With the very promising start of a double-hook up on the first drift, at 11.00am, I thought that we were in for a high catch rate day. It is, however, the start of the slow period for Sailfish, and we had to wait until after the mid afternoon lull for our next fish. Despite repeatedly chasing small flocks of birds, it was evident that the sailfish were in small localised schools, and were moving very quickly, making it difficult to get the baits in-front of the fish. Finally, about 2.5 hours after our first fish, Anthony managed to get a take and set the hook on a powerful fish. Mako was up to the challenge and did well against a strong and dogged sailfish, only her second ever. This fish fought hard, with Mako eventually bringing it for billing after a hot and sweaty 15 minute fight:
Again we resumed the hunt for sailfish, making repeated chases and drifts without reward. As time crept into late afternoon the captain got a hit when bringing in a bait but didn’t manage to hook-up. Then, Geoff got a follow on popper and Anthony simultaneously got a hit that he missed. The fish following the popper took a ninety degree turn about 5 m from our port side and swam straight towards where my line was entering the water as my just cast live-bait was trying to swim away. Almost immediately I felt the sailfish pick up my bait and then run off the stern. I flicked the bail, set the hook and was on for sailfish #3:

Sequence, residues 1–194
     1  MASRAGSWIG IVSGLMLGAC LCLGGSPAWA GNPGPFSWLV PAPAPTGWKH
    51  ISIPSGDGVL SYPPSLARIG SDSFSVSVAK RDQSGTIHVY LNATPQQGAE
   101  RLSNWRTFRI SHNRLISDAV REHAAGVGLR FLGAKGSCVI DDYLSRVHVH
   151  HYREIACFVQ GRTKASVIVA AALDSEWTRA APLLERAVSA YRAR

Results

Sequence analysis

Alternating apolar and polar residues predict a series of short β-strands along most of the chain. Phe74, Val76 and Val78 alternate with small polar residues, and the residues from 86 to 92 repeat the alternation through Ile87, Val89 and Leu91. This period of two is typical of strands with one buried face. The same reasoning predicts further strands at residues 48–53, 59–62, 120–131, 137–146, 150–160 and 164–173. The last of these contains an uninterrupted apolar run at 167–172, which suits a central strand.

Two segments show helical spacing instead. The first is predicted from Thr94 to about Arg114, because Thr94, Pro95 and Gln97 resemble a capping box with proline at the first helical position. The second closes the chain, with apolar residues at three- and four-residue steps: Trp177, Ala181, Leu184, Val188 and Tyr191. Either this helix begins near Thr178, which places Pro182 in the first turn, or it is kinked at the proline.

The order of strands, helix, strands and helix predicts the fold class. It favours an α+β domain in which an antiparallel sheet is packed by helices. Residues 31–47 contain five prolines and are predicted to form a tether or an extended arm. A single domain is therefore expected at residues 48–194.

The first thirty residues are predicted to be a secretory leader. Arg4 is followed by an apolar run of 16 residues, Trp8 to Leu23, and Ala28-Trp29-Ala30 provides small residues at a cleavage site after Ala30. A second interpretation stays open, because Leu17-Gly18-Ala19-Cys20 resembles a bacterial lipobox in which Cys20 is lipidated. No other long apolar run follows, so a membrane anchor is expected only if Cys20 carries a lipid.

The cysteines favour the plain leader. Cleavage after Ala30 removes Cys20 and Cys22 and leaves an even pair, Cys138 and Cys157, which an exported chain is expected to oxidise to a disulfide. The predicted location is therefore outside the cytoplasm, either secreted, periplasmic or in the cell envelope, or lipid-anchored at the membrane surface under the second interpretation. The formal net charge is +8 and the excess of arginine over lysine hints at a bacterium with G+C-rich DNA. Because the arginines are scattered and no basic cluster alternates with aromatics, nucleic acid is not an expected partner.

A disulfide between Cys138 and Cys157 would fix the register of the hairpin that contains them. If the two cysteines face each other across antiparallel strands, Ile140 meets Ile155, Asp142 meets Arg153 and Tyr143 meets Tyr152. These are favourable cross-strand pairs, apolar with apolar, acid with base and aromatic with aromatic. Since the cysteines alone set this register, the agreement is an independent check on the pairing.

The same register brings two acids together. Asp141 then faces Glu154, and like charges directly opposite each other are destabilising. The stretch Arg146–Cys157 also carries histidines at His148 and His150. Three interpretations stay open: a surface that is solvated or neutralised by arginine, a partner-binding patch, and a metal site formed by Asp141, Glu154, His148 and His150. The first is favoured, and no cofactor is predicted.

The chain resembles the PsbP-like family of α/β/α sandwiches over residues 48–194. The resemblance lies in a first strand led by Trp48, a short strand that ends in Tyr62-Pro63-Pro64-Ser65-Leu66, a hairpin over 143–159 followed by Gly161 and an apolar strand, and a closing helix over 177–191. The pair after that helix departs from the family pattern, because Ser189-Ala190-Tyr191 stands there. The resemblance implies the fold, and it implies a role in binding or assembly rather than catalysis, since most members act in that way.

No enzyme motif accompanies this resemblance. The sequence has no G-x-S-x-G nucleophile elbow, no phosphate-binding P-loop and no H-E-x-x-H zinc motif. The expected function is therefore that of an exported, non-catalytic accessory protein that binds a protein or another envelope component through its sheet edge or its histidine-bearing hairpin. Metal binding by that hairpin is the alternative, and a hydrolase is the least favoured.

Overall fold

I kept the fish under pressure and soon had it boat-side for a quick picture, revival and release:
With the bite picking up as the afternoon wore on, I was hopping for another fish or two. But, despite the crew’s efforts, we had no further luck and it was time to make the long run back to port, as usual refreshed by a welcome cold beer or two:
Geoff had been tracking our progress on his GPS – the trace attests to our relentless search for fish. We had covered approximately 140 km’s during the day:
We arrived back in the tranquil waters of Sungai Rompin:
After a quick shower we continued the day at the Rompin River Chalets restaurant where we enjoyed our catches of the day – steamed groupers and pan-fried ikan kerisi. All washed down with nice red wine:
We retired early for a well earned sleep after a long day. It had been reasonable fishing, not the best for Rompin, but not bad for the time of year. We’d landed 3 from 4 hook-ups, good statistics. But, more importantly, Geoff had caught his first sailfish so the trips’ objective had already been achieved. The day’s action is summarised in the following video:
Rompin Sailfish – Day 1 Summary
Day 2 (13.05.18)
Once again we were treated to perfect conditions. The plan today was to head straight to the Berhala Island area and collect bait at FADs close to there (as opposed to yeterday when we tried FADs along the way with limited success). Hopefully this would give us more sailfish fishing time.